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A Greek Terracotta Protome of Demeter, ca 5th century BC

Finely molded with traces of white slip, the goddess wears a chiton with pleated sleeves, her lovely face with serene expression, featuring large almond eyes, her full lips pleasingly arched in the archaic smile, the strong chin dimpled, and her regal nose is straight and sharp.   Below the low flaring polos, her hair is beautifully arranged; centrally parted, it is swept up at the sides to fall in long ribbed plaits to her shoulders. 

Protomoi are common, not in graves, but in votive deposits and sanctuaries.  Their Archaic presence at a site does not prove an exclusive devotion to a preferred divinity but is rather evidence of trade patterns.  As is the case with this example, protomoi was usually supplied with suspension holes for hanging, either inside shrines or perhaps on trees in sanctuaries.

Closely related examples are in the Louvre (Simone Mollard-Besques, Catalogue raisonné des figurines et reliefs en terre-cuite grecs, étrusques et romains, vol. I: Époques préhellénique, géométrique, archaïque et classique, Paris, 1954, no. C82, pl. LXIX), the British Museum ( R. A. Higgins,  Catalogue of the Terracottas in the Department of Greek and Roman Antiquities in the British Museum,  London, 1954, no. 857, p. 228.), The Metropolitan Museum of Art, New York (inv. no. 23.258), and the Danish National Museum (Niels Breitenstein, Catalogue of Terracottas, Cypriote, Greek, Etrusco-Italian and Roman, Copenhagen, 1941, no. 333, pl. XL).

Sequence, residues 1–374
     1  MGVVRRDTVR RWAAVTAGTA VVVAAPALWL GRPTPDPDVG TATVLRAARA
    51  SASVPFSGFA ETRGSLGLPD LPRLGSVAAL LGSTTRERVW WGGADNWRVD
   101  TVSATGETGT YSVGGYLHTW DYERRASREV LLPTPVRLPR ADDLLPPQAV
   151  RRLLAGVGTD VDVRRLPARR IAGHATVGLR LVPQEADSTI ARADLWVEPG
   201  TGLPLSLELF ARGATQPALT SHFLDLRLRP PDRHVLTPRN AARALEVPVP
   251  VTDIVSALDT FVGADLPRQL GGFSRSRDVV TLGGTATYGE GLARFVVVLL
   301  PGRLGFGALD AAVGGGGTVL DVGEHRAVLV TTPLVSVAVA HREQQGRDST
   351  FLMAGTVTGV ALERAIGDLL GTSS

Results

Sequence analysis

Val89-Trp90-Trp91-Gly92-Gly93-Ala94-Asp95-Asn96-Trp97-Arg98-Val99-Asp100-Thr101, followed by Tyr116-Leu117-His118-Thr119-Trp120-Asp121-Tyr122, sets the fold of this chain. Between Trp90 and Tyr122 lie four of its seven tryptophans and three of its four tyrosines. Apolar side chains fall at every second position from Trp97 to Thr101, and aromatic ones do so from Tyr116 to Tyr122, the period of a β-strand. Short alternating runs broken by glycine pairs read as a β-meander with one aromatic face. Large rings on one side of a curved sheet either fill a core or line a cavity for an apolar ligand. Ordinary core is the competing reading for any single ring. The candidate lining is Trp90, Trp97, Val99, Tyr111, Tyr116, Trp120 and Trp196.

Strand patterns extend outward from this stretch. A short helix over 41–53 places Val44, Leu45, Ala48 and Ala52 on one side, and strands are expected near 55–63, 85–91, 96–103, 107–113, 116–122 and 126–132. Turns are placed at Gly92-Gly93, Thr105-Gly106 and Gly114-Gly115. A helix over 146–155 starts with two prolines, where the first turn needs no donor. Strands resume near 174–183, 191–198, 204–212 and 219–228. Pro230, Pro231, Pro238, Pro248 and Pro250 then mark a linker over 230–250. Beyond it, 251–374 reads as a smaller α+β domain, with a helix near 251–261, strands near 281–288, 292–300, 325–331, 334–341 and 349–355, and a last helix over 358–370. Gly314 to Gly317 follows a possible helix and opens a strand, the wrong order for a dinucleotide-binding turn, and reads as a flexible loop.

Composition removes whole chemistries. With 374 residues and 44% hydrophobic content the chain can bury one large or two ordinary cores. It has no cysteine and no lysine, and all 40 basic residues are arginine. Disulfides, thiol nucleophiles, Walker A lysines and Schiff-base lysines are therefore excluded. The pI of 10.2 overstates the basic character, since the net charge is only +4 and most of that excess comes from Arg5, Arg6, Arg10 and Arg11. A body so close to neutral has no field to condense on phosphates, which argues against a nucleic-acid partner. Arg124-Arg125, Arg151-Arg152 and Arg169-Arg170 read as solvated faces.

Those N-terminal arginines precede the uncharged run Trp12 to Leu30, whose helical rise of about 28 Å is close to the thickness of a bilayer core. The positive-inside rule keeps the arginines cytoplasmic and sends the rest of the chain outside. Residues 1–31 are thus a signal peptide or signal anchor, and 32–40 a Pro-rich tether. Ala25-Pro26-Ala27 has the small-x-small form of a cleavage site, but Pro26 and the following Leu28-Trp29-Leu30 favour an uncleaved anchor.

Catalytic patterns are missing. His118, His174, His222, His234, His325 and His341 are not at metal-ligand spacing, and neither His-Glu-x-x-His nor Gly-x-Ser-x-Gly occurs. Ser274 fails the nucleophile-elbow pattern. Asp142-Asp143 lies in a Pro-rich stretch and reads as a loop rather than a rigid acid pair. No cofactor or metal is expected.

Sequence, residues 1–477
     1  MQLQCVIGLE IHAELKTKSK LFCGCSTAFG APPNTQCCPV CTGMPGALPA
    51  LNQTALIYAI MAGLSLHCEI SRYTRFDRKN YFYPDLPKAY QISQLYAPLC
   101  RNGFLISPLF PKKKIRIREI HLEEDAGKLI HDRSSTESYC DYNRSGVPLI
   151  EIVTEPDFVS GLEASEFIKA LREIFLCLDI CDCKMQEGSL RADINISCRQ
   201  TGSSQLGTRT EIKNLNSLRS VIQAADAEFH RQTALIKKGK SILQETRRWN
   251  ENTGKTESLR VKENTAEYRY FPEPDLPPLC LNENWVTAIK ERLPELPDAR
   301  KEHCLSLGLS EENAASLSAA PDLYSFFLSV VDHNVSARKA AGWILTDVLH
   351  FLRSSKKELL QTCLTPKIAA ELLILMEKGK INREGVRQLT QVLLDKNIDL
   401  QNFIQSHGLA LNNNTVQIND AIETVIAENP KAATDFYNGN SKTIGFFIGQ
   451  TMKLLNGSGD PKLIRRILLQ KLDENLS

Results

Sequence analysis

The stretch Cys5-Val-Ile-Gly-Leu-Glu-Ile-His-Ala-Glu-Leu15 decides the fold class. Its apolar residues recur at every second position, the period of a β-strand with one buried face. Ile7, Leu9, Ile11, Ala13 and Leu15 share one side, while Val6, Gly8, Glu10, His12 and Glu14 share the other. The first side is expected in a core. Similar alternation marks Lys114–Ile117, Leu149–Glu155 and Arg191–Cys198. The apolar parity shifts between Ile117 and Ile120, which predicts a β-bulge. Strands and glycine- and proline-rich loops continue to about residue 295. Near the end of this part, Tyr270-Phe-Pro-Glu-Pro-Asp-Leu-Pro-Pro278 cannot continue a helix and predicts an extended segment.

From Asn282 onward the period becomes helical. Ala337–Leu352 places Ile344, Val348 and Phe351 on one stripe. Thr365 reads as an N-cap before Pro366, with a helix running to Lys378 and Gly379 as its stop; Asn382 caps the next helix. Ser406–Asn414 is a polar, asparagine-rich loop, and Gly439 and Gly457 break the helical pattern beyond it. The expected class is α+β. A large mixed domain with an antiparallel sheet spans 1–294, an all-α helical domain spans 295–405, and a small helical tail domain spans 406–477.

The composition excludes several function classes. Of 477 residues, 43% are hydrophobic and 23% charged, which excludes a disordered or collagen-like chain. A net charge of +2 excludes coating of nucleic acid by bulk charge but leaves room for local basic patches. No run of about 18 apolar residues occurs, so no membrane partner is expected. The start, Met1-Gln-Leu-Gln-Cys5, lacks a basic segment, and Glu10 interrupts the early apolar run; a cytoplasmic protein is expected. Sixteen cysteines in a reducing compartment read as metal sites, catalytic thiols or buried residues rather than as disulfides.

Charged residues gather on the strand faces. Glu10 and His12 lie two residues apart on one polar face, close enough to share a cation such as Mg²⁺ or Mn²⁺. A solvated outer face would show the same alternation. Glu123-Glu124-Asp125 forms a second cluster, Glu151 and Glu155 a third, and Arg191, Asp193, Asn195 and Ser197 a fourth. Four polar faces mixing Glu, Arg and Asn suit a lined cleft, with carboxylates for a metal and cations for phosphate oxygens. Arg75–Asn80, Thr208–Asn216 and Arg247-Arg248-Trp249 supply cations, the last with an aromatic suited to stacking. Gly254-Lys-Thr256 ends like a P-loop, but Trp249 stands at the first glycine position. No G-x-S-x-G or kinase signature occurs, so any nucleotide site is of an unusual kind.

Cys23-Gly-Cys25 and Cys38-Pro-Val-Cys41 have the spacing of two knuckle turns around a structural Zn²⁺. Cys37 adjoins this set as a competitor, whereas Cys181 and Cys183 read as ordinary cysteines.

Exhibited: Workhouse Art Center, Virginia, International Ceramics Exhibition, August 13-October 16, 2016

Condition:  Complete and professionally rejoined.  With museum quality custom mount. A truly lovely piece.

Dimensions:   Height:  8 1/4 inches (21 cm)

Provenance: Estate of Hope N. Efron (1919 - 2013), Washington DC and then by descent. Mrs. Efron worked as an economist at the Department of Labor’s Bureau of Labor Statistics from 1939 to 1942. She was featured in the 2005 documentary “Government Girls of World War II,” a locally produced film featuring stories from women who flocked to Washington in the 1940s to assist with the World War II effort. She received special commendations for her volunteer work with the American Councils for International Education and Youth for Understanding, both international student-exchange programs. She also volunteered at Georgetown Day School and was a member of Temple Sinai, both in Washington.

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